ESG practices have become key factors used to measure the sustainability and ethical impact of a business, especially when it comes to public companies. Proxy advisory firms, which review and analyze matters that shareholders of public companies vote on, have recently updated their approach to ESG matters with a view to continue to promote diversity and accountability. Since the recommendations of proxy advisory firms are of paramount importance to institutional investors, these recent updates in approach by Glass, Lewis & Co. (Glass Lewis) and Institutional Shareholder Services (ISS) can be expected to result in positive changes.
Diversity for TSX-listed Issuers
Beginning this year, subject to limited exceptions, Glass Lewis will generally recommend voting against election of the nominating committee chair where the board of directors is not at least 30% gender-diverse or the nominating committee itself is not at least minimally gender-diverse.1
Similarly, subject to limited exceptions, ISS will now generally recommend against election of the nominating committee chair (i) of a company listed on the S&P/TSX Composite Index unless at least 30% of the directors are women, and (ii) of other TSX-listed companies if there are no women on the board.
Beginning early next year, subject to limited exceptions, ISS will also generally recommend against election of the nominating committee chair of a company listed on the S&P/TSX Composite Index which has no apparent racially or ethnically diverse director.
Climate Accountability for TSX-listed Issuers
Beginning this year, for companies with material exposure to climate risk stemming from their own operations, Glass Lewis may recommend voting against election of the chair of the committee responsible for oversight of climate-related issues (or the board) where:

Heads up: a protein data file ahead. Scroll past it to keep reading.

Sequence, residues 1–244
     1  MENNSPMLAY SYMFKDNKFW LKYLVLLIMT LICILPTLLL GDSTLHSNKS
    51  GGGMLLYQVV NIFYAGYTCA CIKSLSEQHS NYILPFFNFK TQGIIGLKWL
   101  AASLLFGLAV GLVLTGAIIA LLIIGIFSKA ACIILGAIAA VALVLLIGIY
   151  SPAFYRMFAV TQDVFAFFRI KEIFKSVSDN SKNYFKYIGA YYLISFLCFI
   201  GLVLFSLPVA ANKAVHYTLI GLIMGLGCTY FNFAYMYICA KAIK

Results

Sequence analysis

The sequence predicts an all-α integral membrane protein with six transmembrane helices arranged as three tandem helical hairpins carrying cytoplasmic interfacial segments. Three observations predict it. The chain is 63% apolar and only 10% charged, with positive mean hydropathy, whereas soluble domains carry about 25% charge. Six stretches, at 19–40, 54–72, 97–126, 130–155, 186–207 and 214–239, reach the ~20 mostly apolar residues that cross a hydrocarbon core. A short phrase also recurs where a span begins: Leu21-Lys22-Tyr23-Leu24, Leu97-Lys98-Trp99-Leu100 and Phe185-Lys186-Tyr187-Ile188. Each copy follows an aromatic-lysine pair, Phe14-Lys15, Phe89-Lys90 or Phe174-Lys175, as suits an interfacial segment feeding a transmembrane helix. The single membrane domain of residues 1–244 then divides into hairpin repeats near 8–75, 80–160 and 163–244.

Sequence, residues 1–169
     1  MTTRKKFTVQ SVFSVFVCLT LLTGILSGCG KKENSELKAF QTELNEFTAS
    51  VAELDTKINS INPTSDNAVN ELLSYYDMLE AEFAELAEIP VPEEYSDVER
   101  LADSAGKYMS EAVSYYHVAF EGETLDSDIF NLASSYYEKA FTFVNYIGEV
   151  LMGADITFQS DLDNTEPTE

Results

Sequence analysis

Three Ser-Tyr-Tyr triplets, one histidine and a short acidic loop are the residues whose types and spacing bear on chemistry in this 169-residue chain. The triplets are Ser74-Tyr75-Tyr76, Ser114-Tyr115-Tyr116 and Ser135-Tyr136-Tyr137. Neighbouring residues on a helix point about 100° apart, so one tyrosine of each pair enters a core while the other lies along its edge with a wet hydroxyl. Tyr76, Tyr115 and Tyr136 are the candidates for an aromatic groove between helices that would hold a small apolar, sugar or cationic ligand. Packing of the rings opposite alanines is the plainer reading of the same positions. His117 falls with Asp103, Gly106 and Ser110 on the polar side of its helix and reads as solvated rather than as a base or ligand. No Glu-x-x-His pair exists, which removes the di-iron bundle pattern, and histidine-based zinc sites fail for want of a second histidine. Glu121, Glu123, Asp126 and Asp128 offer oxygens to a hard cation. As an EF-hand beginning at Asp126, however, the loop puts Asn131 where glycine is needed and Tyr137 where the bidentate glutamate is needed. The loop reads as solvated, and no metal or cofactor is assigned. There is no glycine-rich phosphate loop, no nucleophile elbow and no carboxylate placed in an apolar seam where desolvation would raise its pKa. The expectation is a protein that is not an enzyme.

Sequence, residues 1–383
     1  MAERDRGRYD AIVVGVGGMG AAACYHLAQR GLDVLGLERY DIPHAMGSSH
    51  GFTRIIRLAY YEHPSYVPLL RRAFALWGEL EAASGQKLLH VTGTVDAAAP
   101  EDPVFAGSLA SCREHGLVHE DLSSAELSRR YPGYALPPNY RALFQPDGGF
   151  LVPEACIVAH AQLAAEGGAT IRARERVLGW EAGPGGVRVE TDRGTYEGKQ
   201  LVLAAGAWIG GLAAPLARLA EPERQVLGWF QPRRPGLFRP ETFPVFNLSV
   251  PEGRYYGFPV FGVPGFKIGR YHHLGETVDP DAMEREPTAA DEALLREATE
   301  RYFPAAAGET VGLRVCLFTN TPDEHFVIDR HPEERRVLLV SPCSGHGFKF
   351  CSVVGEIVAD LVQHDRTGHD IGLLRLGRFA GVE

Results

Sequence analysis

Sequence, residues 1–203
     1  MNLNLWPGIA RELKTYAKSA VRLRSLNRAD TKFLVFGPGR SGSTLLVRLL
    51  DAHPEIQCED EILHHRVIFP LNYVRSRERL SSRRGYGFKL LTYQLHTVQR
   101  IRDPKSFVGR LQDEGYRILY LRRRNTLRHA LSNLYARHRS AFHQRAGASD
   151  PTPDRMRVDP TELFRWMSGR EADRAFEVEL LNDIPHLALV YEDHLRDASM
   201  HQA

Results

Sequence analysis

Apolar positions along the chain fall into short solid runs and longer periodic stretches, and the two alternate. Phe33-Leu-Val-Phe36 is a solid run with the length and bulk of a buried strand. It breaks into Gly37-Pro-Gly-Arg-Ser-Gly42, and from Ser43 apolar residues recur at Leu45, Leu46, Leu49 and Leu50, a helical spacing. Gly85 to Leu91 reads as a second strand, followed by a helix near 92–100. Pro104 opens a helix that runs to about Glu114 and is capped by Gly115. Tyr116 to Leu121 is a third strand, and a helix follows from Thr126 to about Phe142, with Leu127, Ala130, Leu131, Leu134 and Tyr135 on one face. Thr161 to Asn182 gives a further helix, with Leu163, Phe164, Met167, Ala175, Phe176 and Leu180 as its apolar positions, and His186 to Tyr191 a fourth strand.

(i) climate-related disclosures in line with the recommendations of the Task Force on Climate-related Financial Disclosures has not been made (or sufficiently made); or
(ii) the board does not have explicit and clearly defined oversight responsibilities for climate-related issues.
Similarly, beginning February 1, 2023, ISS will generally recommend voting against (or withholding the vote for) election of the chair of the relevant committee of companies listed on the Climate Action 100+ Focus Group List, which are significant greenhouse gas emitters, as well as other directors on a case-by-case basis, where the following minimum required steps have not been taken:
(i) detailed disclosure of climate-related risks in line with the recommendations of the Task Force on Climate-related Financial Disclosures; and
(ii) with respect to the company’s operations and electricity use, establishment of appropriate greenhouse gas emissions reduction targets, including medium-term reduction targets or net-zero-by-2050 reduction targets.
The Way Forward
These changes by Glass Lewis and ISS are yet another step in a series of changes over the past few years to promote diversity and accountability. We expect this trend to continue, with increased focus on racial and ethnic diversity on boards and stricter requirements relating to climate change and the environment.
The highlights above relating to TSX-listed issuers are noteworthy, but not comprehensive. Glass Lewis and ISS have numerous other ESG-related policies upon which they determine whether to support the election of certain directors and other matters put to a shareholder vote. For legal advice on these and other ESG-related matters, please contact the authors of this article or any other member of the Cassels ESG team.
1 Directors who are considered by Glass Lewis to be “gender-diverse” are women and individuals who identify with a gender other than man or woman.